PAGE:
While I often write about my life in light of my 2nd time with colon cancer, I rarely write about the comparison between the first time and last time, except for the depression I experienced and the depression I’m trying to defy this second time around.
This time, with chemo, they have me on different drugs. Don’t ask me what they are called. I always forget because if I can’t spell it right the first time, I want to avoid the word all together. This goes for anything I can’t spell right on a consistent basis. Words like Renaissance, exceptions to the “i before e” rule and many others. I cannot get those nailed down automatically, so I use a different word (yes, I had to correct the word Renaissance above by looking it up, like usual).
Anyway, back to The Cancer. Last time, my symptoms and reactions were very different. 3 years ago I had extreme neuropathy and a heightened sensitivity to cold. I couldn’t even breathe in cold air because my throat would swell shut. Ice Cream? No way. Ice water? Sent me through the roof. Nausea was there, but it was minimal. I acted tough when I wasn’t in my heart, which kept me from reaching out to people when I needed the support the most. This ultimately was a big factor that led me to a dark depression.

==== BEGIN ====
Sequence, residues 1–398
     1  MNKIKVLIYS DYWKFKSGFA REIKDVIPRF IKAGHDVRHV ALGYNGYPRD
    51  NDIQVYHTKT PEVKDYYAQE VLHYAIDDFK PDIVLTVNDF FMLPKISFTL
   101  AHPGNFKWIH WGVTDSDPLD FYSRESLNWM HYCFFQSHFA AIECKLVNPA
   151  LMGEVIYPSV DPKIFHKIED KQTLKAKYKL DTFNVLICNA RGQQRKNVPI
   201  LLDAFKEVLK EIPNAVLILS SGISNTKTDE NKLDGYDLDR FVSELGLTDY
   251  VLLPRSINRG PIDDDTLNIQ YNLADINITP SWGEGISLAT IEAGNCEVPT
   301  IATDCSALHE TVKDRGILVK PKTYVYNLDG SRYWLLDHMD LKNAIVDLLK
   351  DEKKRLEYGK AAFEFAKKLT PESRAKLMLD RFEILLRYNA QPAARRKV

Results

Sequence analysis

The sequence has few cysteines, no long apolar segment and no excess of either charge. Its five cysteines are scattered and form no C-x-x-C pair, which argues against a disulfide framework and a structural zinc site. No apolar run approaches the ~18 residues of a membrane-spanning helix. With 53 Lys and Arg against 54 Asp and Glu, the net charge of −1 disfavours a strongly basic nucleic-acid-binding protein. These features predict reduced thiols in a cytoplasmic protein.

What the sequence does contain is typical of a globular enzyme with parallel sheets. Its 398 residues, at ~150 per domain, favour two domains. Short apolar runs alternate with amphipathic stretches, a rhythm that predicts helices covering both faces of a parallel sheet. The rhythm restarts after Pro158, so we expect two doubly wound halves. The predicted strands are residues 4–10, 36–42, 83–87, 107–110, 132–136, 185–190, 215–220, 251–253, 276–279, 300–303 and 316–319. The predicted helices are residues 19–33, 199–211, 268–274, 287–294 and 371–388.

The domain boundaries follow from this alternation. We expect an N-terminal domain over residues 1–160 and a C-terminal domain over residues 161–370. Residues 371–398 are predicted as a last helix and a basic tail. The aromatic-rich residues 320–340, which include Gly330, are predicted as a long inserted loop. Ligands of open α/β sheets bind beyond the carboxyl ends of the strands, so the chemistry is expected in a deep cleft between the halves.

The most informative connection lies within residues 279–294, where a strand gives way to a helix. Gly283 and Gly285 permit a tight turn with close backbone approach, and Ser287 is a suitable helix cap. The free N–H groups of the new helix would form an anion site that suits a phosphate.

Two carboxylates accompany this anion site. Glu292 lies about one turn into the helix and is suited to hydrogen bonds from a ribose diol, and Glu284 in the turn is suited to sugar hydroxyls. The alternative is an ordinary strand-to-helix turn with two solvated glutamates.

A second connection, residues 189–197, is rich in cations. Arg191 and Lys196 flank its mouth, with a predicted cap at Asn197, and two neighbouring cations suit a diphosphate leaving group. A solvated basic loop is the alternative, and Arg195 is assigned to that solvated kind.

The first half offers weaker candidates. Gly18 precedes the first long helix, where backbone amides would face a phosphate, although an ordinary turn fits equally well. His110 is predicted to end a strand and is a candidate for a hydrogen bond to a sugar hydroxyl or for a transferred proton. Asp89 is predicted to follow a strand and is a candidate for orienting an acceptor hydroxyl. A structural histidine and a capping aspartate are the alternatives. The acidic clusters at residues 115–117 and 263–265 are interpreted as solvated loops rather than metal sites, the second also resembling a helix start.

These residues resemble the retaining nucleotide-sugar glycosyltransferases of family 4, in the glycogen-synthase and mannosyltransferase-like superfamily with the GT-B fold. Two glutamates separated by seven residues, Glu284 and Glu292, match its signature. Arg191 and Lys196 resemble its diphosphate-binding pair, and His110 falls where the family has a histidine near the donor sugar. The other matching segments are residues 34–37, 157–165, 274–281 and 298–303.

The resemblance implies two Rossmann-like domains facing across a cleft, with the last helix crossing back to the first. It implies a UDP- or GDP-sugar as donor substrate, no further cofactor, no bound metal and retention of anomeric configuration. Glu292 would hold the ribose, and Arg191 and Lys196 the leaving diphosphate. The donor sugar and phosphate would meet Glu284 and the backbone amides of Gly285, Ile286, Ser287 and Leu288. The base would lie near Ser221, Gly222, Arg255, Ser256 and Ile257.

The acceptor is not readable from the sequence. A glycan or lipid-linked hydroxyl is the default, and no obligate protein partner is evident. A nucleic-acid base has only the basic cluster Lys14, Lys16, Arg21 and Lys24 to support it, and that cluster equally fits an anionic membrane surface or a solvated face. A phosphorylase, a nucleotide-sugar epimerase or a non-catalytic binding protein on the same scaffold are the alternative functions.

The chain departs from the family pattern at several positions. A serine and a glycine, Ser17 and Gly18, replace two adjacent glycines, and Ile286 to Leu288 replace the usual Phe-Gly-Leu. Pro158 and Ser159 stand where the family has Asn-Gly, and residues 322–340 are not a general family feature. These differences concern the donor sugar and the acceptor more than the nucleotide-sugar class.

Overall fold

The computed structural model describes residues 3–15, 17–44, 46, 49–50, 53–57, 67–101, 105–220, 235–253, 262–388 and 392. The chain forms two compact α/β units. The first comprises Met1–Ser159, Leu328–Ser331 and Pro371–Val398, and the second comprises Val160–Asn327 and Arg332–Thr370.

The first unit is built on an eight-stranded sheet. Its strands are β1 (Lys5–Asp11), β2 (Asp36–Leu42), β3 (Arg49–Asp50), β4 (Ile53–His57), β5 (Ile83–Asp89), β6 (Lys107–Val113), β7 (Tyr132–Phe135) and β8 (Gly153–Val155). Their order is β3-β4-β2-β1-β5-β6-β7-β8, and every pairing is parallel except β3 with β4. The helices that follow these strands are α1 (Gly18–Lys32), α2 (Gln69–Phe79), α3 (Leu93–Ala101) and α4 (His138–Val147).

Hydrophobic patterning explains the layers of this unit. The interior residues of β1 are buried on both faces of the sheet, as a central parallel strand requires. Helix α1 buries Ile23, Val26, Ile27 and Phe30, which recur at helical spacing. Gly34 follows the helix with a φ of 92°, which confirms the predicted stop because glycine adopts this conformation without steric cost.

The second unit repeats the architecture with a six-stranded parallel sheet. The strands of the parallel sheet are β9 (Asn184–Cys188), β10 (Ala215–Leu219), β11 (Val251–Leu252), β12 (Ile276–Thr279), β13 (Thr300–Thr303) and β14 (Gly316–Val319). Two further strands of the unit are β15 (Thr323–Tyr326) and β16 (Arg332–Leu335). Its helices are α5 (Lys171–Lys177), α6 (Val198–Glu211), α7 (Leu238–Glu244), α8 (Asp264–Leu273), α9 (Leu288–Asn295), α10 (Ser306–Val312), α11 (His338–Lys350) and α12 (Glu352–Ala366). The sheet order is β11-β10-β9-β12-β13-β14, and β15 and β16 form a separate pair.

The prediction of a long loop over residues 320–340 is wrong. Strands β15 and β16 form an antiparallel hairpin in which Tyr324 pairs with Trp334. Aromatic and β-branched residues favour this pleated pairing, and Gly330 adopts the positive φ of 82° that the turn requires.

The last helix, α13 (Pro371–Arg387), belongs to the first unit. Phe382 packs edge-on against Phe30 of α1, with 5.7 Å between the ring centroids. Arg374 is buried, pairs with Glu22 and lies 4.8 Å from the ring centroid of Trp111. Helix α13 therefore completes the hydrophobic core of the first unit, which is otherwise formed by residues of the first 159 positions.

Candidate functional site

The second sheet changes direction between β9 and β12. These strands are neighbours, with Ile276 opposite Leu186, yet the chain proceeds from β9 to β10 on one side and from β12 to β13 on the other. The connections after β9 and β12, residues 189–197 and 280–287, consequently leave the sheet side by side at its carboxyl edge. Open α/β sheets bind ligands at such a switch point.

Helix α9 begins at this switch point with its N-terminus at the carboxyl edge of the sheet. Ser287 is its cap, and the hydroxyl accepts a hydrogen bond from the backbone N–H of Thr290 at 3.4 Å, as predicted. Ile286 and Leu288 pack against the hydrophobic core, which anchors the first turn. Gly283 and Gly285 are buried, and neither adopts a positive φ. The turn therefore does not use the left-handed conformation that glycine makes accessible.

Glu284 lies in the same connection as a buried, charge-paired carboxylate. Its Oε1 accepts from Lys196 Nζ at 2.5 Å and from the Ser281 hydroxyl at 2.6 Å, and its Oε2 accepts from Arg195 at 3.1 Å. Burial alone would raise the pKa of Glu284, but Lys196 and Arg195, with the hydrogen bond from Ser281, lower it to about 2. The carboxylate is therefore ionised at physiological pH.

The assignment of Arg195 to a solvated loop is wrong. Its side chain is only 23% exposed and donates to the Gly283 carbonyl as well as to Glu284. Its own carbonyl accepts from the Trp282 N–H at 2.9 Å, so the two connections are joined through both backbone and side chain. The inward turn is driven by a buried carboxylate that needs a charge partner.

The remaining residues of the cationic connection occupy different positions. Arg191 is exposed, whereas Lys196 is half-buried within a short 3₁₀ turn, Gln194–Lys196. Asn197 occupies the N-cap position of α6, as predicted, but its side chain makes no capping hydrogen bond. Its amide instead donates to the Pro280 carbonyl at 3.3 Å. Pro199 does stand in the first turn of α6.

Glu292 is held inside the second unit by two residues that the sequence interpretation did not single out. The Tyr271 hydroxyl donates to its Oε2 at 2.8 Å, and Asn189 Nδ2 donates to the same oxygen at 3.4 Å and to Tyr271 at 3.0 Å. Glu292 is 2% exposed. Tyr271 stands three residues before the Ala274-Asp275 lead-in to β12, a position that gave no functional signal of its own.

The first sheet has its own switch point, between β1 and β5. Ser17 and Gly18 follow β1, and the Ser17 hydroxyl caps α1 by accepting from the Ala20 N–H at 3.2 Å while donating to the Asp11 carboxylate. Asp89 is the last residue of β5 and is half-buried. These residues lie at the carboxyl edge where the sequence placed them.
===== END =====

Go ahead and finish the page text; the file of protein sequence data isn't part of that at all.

Not this time. This time is different. No neuropathy or sensitivity to cold. Thank God. I love ice cream and chomping on ice too much. I can feel the keyboard beneath my fingers now, unlike last time, which gives me the ability to write bunches during my time off. I love to write. I’m so thankful for the neuropathy not being there. Nausea with this fight? All the time. I just learn to live with it and stay on top of it as much as possible to keep ahead of the game.
But the biggest difference that I notice is music. The last time I had cancer, I never listened to music. I had my radio on NPR all day. When I would listen to music it would remind me that I really wasn’t happy. I didn’t feel like singing. I didn’t feel like dancing. I was caught up in the negativity of everything, even though I tried to hide it. It’s understandable, for sure, but I avoided things that reminded me of happiness.
This time, however? I make myself listen to music all day, all the time. It is magical. It really is. I find myself dancing all by myself in the kitchen, jamming out to almost everything. I grab my kids and dance with them. I rock out in my car with the windows down, belting out words for the world to hear while I stick my fist out of the car and get down with it.
People say laughter is the best medicine. I agree. But I would like to make a new statement go viral: Music is the best medicine.
Because this time around, this girl is “putting her records on.” She is “free falling.” She is “lovin’ every minute of it.” She is “happy.”
Cancer, take that. Music is the best medicine.
Love, Turn It Up and Let’s Dance!